Nvidia GTX1080 Founders Edition Review

Conclusion

nVidia GTX 1080 Founder Edition Review

Conclusion

In a word, breathless.

Normally a new GPU means a decent enough improvement over the previous generation, but not necessarily enough to be worthy of an upgrade if you have only just brought one. With the GTX 1080 it's so mind-blowingly powerful that we think it's worth buying unless you've got a pair of GTX 980 Tis sitting in your system.

The GTX 980 brought a few tricks to the party with Adaptive VSYNC and the excellent Dynamic Super Resolution. Both things that make a genuine difference to the smoothness and image quality of your gaming experience. The Pascal GPU at the heart of the GTX 1080 takes things that step further by introducing a host of technologies guaranteed to bring a smile to your face. We have Fast Sync, which promises all the high frame rates of having VSYNC off with none of the screen tearing that it introduces. GPU Boost 3.0 enhances the already excellent GPU Boost 2.0 by giving you full control over the voltage offset curve, enabling even higher clocks in situations where the GTX 1080 is twiddling its thumbs. We saw the benefits of this in our initial overclocking look, where the Pascal GPU broke the 2GHz barrier. High Dynamic Range is the latest quest from manufacturers to get us to purchase new displays, and it has a much greater chance of being adopted than 3D ever did. Higher definition and broader colour spectrums are what people demand, not things that require headwear.

Perhaps the biggest game-changer is Ansel. In a world where sharing your defining gaming moments with the world is something which has exploded, whether via the simplicity of Youtube and Twitch, or just cool screenshots on your forum of choice, Ansel frees you from the limitations of the developers camera to allow you to take a picture in any manner that you choose, and apply a whole raft of filters to it. You can automatically use the CUDA Cores to stitch together a giant flat image, or even stitch enough together to be viewable in a VR headset or utilising your smart phones virtual 3D image viewer. Although there are only a handful of games supporting this currently, it's so breathtaking that we can't wait to see it implemented in all of the popular games, and we're even more excited to discover what the creative community can do with it.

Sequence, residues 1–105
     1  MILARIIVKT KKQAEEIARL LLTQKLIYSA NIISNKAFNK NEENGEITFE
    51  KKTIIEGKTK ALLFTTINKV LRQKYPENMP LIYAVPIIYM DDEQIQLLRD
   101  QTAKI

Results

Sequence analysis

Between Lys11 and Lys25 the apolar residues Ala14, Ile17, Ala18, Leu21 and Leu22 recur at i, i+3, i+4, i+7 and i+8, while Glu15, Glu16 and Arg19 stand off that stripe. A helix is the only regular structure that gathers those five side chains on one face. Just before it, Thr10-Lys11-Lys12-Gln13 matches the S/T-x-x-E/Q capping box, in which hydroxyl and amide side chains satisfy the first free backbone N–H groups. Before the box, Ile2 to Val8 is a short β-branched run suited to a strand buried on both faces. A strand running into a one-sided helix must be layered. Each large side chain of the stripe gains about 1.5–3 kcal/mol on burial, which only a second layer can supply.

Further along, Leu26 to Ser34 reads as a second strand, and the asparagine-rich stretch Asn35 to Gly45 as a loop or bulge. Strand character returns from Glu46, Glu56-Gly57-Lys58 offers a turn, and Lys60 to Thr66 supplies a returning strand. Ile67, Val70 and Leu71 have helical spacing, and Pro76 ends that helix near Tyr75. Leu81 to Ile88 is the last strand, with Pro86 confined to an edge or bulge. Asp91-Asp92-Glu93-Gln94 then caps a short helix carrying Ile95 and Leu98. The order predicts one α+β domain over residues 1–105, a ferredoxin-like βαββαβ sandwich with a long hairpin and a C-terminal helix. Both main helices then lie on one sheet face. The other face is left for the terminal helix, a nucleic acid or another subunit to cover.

Beyond the new features the obvious stand out is the sheer performance of the GTX 1080. The "new graphics card rule of thumb" that you skip a generation just doesn't apply here. Even the cynical 'they limited the performance for business reasons' isn't a valid point as the GTX 1080 is as fast as two GTX 980s. Two. It's barely believable, and if we hadn't got pages and pages of benchmarks which prove that very point we think we'd be somewhat cautious, or just assume it's marketing speak. All of this mind-bending performance is delivered at a power draw lower than many mid-range offerings, and way below the range topping models. A GTX 980 SLI system draws 571W, whereas this, with equal performance and otherwise identical components, only draws 341W.

We're not entirely sure how nVidia have managed to produce a GPU that so comprehensively renders all that has come before it, whilst not obsolete, at least on very shaky ground. This isn't just nVidia trying to best a Radeon card, it's trying to annihilate their own too, and with great success. Low power draw, high performance, insane overclocking capabilities and a ton of genuinely useful technologies, the nVidia GTX 1080 is a complete all-rounder and easily wins our OC3D Enthusiast Award.